We do not have a court ordered agreement, she filed and was granted an absolute divorce. We (naively) did our own separation agreement and had it notarized, so it is just a contract. Terms to terminate alimony are half the time we were married or actual remarriage. Cohabitation was not written into the contract, and she has a guy living there for over 2 years now, I am hosed. They got engaged in November, my question is can I sue her for just riding the Alimony train? That is avoiding actually getting married in order to keep collecting the monthly checks? I read there has been precedence set in this area, but can not find it now. Proving it will not be a problem as three kids live in the same house and she is a social media addict…
You cannot sue your ex-wife for cohabitating with her fiancé. Your separation agreement (contract) controls, and it does not provide for alimony to terminate if she cohabitates. According to your agreement, you may only stop paying alimony at the date certain (which represents half the amount of your marriage) or when she remarries.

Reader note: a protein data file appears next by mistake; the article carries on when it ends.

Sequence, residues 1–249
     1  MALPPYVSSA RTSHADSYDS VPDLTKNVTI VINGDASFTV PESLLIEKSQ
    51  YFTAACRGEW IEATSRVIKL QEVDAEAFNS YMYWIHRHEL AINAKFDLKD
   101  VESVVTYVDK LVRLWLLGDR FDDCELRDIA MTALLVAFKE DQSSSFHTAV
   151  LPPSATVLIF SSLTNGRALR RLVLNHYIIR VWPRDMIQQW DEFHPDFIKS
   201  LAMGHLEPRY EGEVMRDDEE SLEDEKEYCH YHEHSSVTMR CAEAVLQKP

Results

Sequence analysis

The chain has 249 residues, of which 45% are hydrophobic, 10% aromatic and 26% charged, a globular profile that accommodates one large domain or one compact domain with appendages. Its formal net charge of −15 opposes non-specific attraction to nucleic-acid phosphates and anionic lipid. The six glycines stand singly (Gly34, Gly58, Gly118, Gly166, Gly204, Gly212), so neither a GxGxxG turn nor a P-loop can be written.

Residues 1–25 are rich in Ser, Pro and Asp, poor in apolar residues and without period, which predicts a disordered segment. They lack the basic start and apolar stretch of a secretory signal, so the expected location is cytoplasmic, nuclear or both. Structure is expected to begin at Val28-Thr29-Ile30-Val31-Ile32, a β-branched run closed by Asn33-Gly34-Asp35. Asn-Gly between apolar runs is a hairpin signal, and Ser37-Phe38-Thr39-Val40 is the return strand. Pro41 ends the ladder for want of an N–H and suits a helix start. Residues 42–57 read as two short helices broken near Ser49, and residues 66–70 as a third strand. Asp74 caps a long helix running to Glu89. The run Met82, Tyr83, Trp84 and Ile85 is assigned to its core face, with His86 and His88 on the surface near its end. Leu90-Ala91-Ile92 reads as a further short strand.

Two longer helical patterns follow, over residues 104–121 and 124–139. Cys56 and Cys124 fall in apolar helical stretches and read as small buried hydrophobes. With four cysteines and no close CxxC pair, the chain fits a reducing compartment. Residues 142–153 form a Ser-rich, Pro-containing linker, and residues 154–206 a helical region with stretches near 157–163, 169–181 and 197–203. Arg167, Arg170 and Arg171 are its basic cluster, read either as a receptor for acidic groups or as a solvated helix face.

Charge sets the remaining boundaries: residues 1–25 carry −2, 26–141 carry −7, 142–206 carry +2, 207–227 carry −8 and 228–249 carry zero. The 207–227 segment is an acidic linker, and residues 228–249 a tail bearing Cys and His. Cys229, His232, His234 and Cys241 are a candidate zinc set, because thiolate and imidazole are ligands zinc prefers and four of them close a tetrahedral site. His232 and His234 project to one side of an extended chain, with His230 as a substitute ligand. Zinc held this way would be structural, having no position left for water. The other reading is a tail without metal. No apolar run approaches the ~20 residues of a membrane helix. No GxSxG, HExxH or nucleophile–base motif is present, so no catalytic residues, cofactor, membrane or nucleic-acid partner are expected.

That is not the question I asked. I am painfully aware that I can’t stop until the terms have been met. I have read somewhere that precedence has been set in similar cases where marraige has been avoided strictly to continue collecting alimony. I can not find where I read this. Are you familiar with any similar cases?
You cannot sue her for cohabiting with her fiancé. Since you have a separation agreement (contract), the only way that you could get into court is for a breach of contract suit (if your agreement does not require mediation or arbitration).
Unless there is language to the contrary in your agreement, she is not breaching the agreement by cohabitating for any length of time. If you were to stop paying alimony, and thus be violating the agreement, she would have a cause of action for breach of contract, and you would then use your defense of cohabitation but avoiding marriage for the sole purpose of continuing to collect alimony.
I’m not aware offhand of case law that addresses that exact issue.